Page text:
UGA to open nation’s first School of Ecology July 1; John Gittleman named dean

UGA to open nation’s first School of Ecology July 1; John Gittleman named dean

Athens, Ga. – The nation’s first stand-alone academic school devoted specifically to the study of ecology will begin operation July 1 when the University of Georgia opens the Eugene P. Odum School of Ecology on its Athens campus.

Named for the late pioneering UGA professor known as the “father of modern ecology,” the school will be the university’s 16th academic school or college and will further cement UGA’s reputation as a world-class center for research and teaching on ecological principles and processes.

The school is being created by reorganizing UGA’s Institute of Ecology, which Odum founded in the 1950s and is internationally recognized for its holistic, interdisciplinary approach to ecosystem studies as championed by Odum.

John L. Gittleman, who has been director of the Institute of Ecology since last July, has been named dean of the school. Gittleman, whose expertise in global ecology includes species extinction, emerging diseases and conservation, came to UGA last year from the University of Virginia. He earned a D. Phil. degree in biology (equivalent to a Ph.D.) at the University of Sussex in England and is a Fellow of the Zoological Society of London.

“The creation of the School of Ecology is a historic commitment by the university to this essential field of study,” said UGA President Michael F. Adams. “Environmental issues are key as we think about economic success and sustainability for our children and grandchildren.

“I’m extremely pleased that we were able to attract here from the University of Virginia someone of the capability of John Gittleman to lead the school,” Adams added. “He will be a superb dean and will, through his and his faculty’s efforts, further the unequalled work of Eugene Odum.”

Arnett Mace, senior vice president for academic affairs and provost, said Gittleman “brings an impeccable scholarly record to this new position. This coupled with his administrative skills will enable him to provide leadership to build on the reputation of the Institute of Ecology to significantly advance the new school, the first in the United States.”

In 2001, the Institute of Ecology was merged with UGA’s School of Environmental Design to form the College of Environment and Design. Though part of the larger college, the faculties of both the institute and the environmental design school remained intact and this year both faculties agreed that the institute withdraw from the college and become a stand-alone school.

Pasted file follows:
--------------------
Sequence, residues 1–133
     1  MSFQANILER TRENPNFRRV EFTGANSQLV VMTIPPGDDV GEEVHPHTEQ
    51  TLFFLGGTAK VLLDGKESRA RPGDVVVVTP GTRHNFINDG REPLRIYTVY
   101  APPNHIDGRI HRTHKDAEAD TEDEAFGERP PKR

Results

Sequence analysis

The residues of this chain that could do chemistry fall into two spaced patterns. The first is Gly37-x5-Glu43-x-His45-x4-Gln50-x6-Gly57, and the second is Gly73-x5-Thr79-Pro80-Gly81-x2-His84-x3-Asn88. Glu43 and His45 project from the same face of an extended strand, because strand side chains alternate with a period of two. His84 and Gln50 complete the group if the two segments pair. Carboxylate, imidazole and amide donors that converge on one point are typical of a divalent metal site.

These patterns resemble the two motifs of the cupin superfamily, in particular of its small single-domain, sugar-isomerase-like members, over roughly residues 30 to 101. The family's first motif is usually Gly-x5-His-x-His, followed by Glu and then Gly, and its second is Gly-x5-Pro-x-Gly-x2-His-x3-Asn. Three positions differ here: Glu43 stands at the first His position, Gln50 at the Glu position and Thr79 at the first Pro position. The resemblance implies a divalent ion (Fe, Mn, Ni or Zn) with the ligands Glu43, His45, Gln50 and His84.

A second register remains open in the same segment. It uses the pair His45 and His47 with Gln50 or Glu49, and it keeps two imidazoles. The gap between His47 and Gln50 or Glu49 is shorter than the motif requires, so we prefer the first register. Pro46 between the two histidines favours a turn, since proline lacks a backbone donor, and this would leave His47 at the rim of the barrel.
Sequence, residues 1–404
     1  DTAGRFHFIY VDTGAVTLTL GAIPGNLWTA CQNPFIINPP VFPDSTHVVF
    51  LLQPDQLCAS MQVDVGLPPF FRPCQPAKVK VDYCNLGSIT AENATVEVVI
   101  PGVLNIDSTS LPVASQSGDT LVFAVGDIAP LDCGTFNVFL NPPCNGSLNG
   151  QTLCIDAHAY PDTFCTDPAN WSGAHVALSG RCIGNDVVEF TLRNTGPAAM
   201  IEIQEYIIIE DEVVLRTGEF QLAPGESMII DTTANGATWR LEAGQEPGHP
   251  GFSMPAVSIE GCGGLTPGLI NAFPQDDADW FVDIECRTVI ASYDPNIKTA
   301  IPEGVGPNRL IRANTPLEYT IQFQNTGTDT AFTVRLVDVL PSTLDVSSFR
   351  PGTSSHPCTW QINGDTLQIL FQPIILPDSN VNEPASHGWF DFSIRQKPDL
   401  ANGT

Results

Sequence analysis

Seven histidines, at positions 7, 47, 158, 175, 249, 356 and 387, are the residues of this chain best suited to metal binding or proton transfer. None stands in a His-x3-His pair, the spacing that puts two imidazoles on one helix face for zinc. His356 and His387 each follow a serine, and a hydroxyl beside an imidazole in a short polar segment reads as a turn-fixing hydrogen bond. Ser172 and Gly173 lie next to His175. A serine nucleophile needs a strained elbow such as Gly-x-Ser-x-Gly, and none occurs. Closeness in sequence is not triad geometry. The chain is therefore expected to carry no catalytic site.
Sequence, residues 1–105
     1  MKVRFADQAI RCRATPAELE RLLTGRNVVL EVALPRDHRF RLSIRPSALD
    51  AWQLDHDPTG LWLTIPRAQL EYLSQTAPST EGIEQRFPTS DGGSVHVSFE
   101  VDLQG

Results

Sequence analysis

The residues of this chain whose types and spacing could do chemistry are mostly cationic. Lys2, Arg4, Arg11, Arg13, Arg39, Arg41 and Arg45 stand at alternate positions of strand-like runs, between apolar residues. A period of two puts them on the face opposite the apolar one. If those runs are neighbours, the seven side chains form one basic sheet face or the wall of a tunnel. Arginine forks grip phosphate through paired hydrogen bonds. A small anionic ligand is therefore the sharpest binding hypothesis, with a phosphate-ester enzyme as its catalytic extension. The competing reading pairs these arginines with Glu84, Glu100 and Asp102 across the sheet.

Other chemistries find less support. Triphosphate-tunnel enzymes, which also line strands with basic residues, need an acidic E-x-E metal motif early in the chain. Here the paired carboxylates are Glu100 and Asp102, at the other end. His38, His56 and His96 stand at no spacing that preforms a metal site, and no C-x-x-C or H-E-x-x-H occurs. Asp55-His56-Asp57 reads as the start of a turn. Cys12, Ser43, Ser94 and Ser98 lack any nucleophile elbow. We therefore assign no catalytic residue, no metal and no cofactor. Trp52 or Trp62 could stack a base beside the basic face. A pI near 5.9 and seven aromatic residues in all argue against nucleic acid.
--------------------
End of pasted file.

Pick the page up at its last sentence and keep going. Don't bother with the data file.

Expenses for starting the school will be minimal since it will be headquartered in the ecology building on UGA’s south campus and use existing facilities and equipment for teaching and research. The school will incorporate the institute’s faculty, which includes 17 tenured faculty members, six non-tenure-track faculty, four faculty with joint appointments in other units and seven adjunct faculty members.

Gittleman said the Odum School will immediately be recognized as one of the nation’s top research programs in ecological sciences based on the strength of its faculty and international stature. The National Research Council has ranked UGA among the top five institutions in ecological research and a survey by the Ecological Society of America also tabbed UGA as one of the country’s top five universities in ecology. UGA was one of the first universities to offer undergraduate degrees in ecology.

The school also will be one-of-a-kind in America, Gittleman said. While many universities have departments of ecology, and some have schools that focus on the broader field of environmental studies, no other university has an independent, stand-alone school devoted specifically to ecology.

The school will maintain the Institute of Ecology’s research focus on understanding fundamental scientific patterns and processes of ecology including such areas as species diversity, disease transmission, ecosystem structure, aquatic ecology and global environmental change. In addition to its undergraduate and graduate degrees in ecology, the school will provide undergraduate courses for other schools and colleges and will conduct public service work, primarily through its River Basin Center.

Odum, the school’s namesake, was associated with UGA for more than 60 years prior to his death in 2002 at age 88. He wrote a dozen books, including Fundamentals of Ecology, considered a landmark in the field, and more than 200 scientific publications. Elected to the National Academy of Sciences, he was president of the Ecological Society of America and received the world’s top prizes for ecological research.

Gittleman said the school will adhere to Odum’s doctrine of a holistic approach to ecological studies, while strengthening and expanding in key areas such as community, evolutionary and ecosystem studies.

This means the school will continue to emphasize an interdisciplinary, collaborative approach to teaching, research and service by integrating expertise and resources from UGA’s other schools and colleges including units not usually associated with ecology such as law, economics, anthropology and medical sciences, as well as public service units such as The Fanning Institute and the Carl Vinson Institute of Government.

The school also will work closely with the Academy of the Environment, a collection of more than 300 faculty members from throughout the university who share an interest in ecological and environmental issues.

The school will help expand UGA’s international presence through research programs in other countries, especially research in tropical ecology conducted in rain forests in Costa Rica, Ecuador and Panama, Gittleman said.

For more information on the School of Ecology, see http://www.ecology.uga.edu/.